Ornithischians arose in the Jurassic. All were beaked herbivores; typically, low browsers. The surfeit of herbivorous dinosaurs owed to niche differentiation: specialization to favor different plants. The vast diversity of vegetation provided the platform upon which these picky plant lovers evolved.
Like sauropods, ornithischians were typically herd animals, though some appear to have led largely solitary lives. Although descendant from bipeds, almost all ornithischians had the ability to walk on all fours, if not natural quadrupeds.
Though less predominant than sauropods, ornithischians were among the most numerous, diverse, and longest-lasting lineages of dinosaurs. They were typically smaller than sauropods, and often prey to theropods.
By the mid-Jurassic, ornithischians had a wide variety of body plans. This diverse group included thyreophorans, which were armored herbivores, such as the spiky plated stegosaurs (8–9 meters; 2–3 tonnes). The spiked tail of stegosaurs could deliver a painful piercing blow to a potential predator.
Owing to their relatively small brains, stegosaurs earned renown as the “dumbest” dinosaurs. As brain size is no indicator of intelligence, stegosaurs are not the ones deserving such labeling.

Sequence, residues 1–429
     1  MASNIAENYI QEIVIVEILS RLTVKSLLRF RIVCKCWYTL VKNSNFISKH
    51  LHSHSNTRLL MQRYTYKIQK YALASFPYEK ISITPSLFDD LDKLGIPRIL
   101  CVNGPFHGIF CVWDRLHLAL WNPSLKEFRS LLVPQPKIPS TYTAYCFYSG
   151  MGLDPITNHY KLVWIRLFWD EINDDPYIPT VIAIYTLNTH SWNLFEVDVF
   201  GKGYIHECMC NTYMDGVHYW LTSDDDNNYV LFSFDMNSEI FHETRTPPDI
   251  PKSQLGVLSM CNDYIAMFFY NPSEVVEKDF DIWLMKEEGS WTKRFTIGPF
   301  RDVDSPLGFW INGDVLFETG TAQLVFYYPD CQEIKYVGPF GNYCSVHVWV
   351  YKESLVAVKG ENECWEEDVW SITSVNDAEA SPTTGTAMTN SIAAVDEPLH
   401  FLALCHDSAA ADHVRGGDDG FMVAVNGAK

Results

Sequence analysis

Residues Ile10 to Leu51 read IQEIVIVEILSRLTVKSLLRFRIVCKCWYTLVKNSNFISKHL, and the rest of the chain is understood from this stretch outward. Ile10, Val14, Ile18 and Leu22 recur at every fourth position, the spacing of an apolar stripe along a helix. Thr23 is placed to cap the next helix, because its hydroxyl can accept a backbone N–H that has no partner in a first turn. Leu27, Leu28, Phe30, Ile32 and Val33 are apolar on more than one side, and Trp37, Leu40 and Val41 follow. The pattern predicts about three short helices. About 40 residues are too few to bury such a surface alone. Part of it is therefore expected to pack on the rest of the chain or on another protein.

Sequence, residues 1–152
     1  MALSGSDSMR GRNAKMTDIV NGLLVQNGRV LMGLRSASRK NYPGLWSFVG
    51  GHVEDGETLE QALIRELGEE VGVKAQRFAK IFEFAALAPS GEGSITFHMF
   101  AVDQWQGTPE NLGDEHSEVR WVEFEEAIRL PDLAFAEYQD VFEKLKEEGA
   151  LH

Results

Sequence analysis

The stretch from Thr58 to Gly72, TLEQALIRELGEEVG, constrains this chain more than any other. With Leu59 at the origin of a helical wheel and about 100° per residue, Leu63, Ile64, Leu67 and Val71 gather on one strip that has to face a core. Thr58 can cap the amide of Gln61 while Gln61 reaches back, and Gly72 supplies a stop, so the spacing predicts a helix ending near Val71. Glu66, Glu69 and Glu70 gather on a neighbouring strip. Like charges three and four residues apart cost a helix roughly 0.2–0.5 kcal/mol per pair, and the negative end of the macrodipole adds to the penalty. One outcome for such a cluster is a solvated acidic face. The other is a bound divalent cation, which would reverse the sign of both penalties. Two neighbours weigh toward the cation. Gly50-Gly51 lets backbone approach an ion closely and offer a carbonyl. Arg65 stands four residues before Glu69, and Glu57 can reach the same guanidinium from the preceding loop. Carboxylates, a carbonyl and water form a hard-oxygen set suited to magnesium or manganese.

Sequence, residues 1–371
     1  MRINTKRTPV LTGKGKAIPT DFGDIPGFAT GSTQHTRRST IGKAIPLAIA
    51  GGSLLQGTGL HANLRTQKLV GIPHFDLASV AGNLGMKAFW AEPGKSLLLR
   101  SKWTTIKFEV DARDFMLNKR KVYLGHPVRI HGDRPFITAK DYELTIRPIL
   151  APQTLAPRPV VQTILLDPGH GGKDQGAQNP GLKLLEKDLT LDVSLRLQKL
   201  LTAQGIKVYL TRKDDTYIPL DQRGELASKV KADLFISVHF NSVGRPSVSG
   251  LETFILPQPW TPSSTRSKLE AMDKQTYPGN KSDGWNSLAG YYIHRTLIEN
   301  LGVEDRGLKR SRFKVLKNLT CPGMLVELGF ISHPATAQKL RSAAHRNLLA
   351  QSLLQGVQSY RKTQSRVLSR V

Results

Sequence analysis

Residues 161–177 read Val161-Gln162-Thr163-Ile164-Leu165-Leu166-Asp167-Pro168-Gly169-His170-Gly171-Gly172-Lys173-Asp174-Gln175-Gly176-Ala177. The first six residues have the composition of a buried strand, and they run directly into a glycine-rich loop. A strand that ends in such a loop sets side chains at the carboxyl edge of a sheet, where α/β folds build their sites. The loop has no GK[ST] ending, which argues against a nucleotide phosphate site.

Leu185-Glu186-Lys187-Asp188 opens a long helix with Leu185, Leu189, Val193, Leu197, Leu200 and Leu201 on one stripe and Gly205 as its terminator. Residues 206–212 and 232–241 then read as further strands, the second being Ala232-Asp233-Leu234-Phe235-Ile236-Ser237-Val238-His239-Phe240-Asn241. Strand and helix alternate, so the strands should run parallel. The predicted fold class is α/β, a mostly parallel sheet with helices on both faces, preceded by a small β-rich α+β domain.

While armor may have been helpful for defense, it may also have evolved via sexual preference, or served for thermoregulation. Juvenile stegosaurs lacked the large back plates.
In contrast were the relatively small and agile bipedal ornithopods known as hypsilophodonts (1.5–2.3 m; 20–40 kg), which lived lives like those of the antelopes and gazelles today: herds foraging on ground vegetation while keeping a keen lookout for predators.
The differences between herding hypsilophodonts and heavy thyreophorans point out 2 viable strategies for avoiding predation: either be armored or raise the odds against being eaten by being small, nimble, and one in a crowd.
By the end of the Cretaceous, more ornithischians had arrived: among them duck-billed hadrosaurids, such as Parasaurolophus (12 m; 3 tonnes), and horned ceratopsians, of which Triceratops (9 m; 5–8 t) is the best known. Both were herbivores. The duck-billed dinosaurs had sophisticated dentation that let them grind tough plant matter.
Triceratops compensated for dental ingenuity with overwhelming numbers: over 400 teeth that replaced themselves when they wore down.
Triceratops at first lacked the magnificent horns that they are so well-known for. Early on they sported a longer beak and shorter horns.
Triceratops became a favorite food of tyrannosaurs. Triceratops‘ horns grew to even the odds against becoming an easy meal.
Beyond defense, ornaments that various ornithischians had may well have developed from sexual selection. The neck frills of triceratops are exemplary. Female choice of mate that evolves into exaggerated looks has repeatedly occurred.
Dinosaur head ornaments were for a select few. To sport standout head gear, a dinosaur had to have a big body to viably support it.